Florida Estate Planning 101
The purpose of an estate plan is to protect and preserve your property and ensure that it is distributed in the manner that you wish after your passing. If it is done properly, an estate plan can help minimize headaches for your loved ones during an already difficult time and ensure an orderly and efficient disposition of your assets. An estate plan is for your loved ones as much as it is for you.
“An estate plan is for your loved ones as much as it is for you.”
There are a lot of options when it comes to estate planning, from attorneys to do-it-yourself options. Here are the key components of an estate plan:
(1) Revocable trust. A revocable trust is a legal entity that you can create, fund, and manage during your lifetime. The most valuable aspect of a trust is that the property in a trust does not have to go through the probate process, which can be long and expensive. For most purposes, a revocable trust is a disregarded entity while you are alive, which means that the property in the revocable trust is essentially treated the same as it would be if it was titled in your name, while you are alive. When you die, the revocable trust becomes irrevocable. At that point, a person that you appoint as the successor trustee will take over management of the trust property and will manage the trust assets in accordance with the directions you set forth in the trust. The assets will be managed by the trustee for the benefit of the people you name in the trust, known as the beneficiaries.
(2) Pour-over will. Even when you have a revocable trust, you should still draft a will, which is commonly called a "pour-over" will. The will typically states that any property remaining in your estate that was not already in your trust should be placed in the trust. This is an important step because there are circumstances where property is not properly funded into the trust and remains in the estate. If you don't have a pour-over will, the Court will distribute the remaining property in accordance with the Florida intestate succession statutes.
(3) Durable power of attorney. This document allows you to designate someone to manage your financial affairs in the event you are incapacitated and unable to do so. If you do not have a durable power of attorney, if you become incapacitated, then the Court will appoint a guardian to manage your affairs. The guardianship process, like the probate process, can be long and expensive. Additionally, you will have little to no control over who is ultimately appointed as your guardian. Rather, the Court will follow the legal process for guardianship set forth in Florida law.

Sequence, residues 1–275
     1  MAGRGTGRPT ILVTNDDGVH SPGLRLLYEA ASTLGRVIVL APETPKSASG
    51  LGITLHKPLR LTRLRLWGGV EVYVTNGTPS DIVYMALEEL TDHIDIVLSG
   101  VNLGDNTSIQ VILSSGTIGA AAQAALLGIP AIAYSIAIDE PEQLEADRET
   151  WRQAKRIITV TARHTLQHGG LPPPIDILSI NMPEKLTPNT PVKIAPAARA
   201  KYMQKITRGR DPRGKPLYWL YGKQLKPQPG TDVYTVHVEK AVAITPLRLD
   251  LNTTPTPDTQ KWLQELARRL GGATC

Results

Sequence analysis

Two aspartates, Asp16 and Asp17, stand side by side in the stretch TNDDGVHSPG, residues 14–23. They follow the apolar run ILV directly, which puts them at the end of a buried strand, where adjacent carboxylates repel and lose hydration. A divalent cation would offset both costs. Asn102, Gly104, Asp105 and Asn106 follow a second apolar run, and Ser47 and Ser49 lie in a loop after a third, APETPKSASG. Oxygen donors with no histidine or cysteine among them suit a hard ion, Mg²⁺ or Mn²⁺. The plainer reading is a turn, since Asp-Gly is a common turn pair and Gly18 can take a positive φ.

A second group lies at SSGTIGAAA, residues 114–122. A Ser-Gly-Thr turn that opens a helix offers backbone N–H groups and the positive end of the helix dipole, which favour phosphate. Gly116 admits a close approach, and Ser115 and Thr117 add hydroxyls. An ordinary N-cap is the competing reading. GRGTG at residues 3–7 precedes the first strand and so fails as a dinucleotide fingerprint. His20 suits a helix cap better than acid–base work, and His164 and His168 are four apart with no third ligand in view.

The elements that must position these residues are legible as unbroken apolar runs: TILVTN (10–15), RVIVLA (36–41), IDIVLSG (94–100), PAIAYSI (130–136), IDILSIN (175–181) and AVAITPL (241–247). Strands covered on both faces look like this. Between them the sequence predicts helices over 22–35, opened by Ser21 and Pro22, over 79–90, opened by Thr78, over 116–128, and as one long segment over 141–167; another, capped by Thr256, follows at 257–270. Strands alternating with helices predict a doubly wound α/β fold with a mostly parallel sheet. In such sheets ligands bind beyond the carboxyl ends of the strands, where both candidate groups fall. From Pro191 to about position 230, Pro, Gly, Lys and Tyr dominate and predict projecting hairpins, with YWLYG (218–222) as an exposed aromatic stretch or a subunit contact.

(4) Health care surrogate designation. This is a document that designates the individual that you wish to make medical decisions on your behalf in the event you are incapacitated and unable to do so. This is important because it can help avoid family disputes. A good example of what can happen if you do not have this document is the Terry Schiavo case.
(5) Living will (aka advance healthcare directive). This document allows you to specify to medical professionals what type of life-sustaining medical care you want and in what circumstances in the event you are incapacitated and unable to do so.
(6) Designation of pre-need guardian. This is a back-up document in case there is an issue with your durable power of attorney or, for other reasons, the Court is legally required to appoint a guardian for you. The designation allows you to pre-select who you would prefer to serve as your guardian. The Court will still make the final decision under Florida law, but will consider your written preference.
Why Should I Have an Estate Plan?
According to the American College of Cardiology, 20% of all heart attacks occur in individuals under 40 in the United States. According to the American Heart Association, 10 to 15% of all individuals who have a stroke in the United States are aged 18 to 45. Thousands of younger adults are killed or seriously injured in car accidents every year. The bottom line is that the future is uncertain. Death or incapacity can strike anyone, any day. Having an estate plan in place gives you peace of mind that your affairs will be managed in accordance with your wishes in an efficient manner. The cost of having a competent estate plan created is likely far less than what it will cost your estate if you do not have one. Furthermore, it protects your loved ones from added stress at a difficult time.
At Jason Quick Law, we are available to help you craft a bespoke estate plan that will accomplish your goals. Our initial consultation is free. We use a modern client portal and online payment options.
- An estate plan protects your assets and loved ones.
- Everyone needs an estate plan.
- You can't be too old or too your for a plan, but you can be too late.
- A revocable trust forms the core of many estate plans.
- Probate and guardianship are often expensive and protracted processes.
- An estate plan is often less expensive than not having one.